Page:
i do not speak fluent spanish, but i can run a kitchen with spanish speaking only.
     
    #6
    jcheese
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    Re:Dos and Don'ts of Starting a Business 2011/11/03 19:43:15 (permalink)
    I was a painter once, learned every term related to that biz, working with Mexicans, who were wonderful people.
    #7
    kreativekvs209
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    Re:Dos and Don'ts of Starting a Business 2011/11/04 02:47:14 (permalink)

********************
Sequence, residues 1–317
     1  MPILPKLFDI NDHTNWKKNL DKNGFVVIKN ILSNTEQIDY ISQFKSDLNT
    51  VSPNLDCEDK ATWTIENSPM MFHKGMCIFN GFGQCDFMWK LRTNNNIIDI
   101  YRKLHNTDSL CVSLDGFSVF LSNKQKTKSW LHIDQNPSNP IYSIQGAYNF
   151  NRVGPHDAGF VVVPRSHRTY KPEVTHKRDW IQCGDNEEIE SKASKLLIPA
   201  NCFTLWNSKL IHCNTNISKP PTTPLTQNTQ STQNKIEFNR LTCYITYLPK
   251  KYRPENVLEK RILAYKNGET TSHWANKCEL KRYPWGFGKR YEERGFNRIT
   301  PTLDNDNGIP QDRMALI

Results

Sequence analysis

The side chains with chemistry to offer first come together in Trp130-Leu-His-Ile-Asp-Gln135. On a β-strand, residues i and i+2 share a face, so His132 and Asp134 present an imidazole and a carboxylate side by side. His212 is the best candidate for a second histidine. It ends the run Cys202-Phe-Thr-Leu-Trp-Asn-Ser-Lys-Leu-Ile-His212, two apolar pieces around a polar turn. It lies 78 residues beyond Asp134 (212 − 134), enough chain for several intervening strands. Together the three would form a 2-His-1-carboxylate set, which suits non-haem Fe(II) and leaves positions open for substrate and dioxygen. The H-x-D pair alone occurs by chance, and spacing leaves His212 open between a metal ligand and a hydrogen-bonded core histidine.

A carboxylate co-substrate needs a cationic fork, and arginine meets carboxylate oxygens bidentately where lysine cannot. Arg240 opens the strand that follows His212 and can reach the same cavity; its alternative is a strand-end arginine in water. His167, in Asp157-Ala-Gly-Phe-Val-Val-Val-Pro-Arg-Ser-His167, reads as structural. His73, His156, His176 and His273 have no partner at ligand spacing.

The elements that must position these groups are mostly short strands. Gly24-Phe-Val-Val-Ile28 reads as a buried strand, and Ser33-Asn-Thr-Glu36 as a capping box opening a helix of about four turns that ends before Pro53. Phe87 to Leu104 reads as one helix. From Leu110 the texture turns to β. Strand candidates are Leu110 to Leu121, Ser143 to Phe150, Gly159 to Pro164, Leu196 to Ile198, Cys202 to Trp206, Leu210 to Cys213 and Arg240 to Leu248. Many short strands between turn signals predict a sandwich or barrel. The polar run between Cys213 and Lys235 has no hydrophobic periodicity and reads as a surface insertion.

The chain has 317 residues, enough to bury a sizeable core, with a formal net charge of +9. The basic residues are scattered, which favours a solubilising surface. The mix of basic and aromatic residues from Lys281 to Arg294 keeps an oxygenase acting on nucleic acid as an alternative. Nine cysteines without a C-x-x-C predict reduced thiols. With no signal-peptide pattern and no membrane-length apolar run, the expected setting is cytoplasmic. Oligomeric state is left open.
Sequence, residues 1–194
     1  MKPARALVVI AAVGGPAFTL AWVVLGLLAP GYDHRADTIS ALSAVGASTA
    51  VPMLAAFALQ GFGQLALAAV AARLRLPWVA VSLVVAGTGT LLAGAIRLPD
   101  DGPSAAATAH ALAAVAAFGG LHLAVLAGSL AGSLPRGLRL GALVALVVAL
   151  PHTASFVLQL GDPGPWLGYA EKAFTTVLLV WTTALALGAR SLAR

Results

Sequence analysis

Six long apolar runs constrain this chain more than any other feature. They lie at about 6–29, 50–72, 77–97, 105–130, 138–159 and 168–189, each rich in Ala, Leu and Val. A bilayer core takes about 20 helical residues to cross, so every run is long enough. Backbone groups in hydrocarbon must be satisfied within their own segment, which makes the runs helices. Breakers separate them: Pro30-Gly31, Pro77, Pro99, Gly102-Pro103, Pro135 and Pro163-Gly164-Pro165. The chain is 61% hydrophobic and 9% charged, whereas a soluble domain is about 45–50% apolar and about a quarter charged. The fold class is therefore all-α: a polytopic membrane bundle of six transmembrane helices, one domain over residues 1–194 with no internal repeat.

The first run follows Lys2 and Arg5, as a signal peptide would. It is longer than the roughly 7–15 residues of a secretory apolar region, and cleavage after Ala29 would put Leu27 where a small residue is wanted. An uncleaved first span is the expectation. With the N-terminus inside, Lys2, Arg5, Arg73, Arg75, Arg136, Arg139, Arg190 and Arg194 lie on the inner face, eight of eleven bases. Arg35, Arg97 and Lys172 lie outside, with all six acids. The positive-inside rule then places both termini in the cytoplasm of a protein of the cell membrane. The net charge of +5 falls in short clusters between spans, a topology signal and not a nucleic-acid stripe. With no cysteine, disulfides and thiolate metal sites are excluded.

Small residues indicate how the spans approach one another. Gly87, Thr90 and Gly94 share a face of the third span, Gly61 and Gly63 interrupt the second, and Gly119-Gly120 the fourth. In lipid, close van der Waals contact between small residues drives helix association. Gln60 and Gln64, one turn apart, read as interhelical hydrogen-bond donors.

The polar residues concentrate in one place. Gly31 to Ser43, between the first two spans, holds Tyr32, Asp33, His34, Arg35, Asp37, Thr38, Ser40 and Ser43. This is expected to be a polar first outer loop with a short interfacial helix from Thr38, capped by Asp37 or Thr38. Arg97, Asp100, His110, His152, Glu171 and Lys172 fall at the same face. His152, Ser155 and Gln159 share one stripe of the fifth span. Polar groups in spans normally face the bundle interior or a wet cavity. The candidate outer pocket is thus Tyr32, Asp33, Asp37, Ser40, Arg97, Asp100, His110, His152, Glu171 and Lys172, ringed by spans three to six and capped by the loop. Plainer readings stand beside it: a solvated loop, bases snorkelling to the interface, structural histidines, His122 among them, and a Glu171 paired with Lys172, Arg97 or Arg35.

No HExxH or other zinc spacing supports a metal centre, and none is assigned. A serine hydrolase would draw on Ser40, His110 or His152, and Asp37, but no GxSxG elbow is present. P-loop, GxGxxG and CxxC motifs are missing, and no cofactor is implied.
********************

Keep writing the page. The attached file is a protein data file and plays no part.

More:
you gotta love these mexicans workers.. but you gotta watch out for the ones who dont give a **** and are only there to do that 9-5, and not give a **** about quality. but then there are the ones that started as a dish washer and have pride and a sense of quality control. i love them. i cant stand the ones that dont care and just wanna get food out.. i just fired acouple last month. and it was probably the best thing for the kitchen.
     
    #8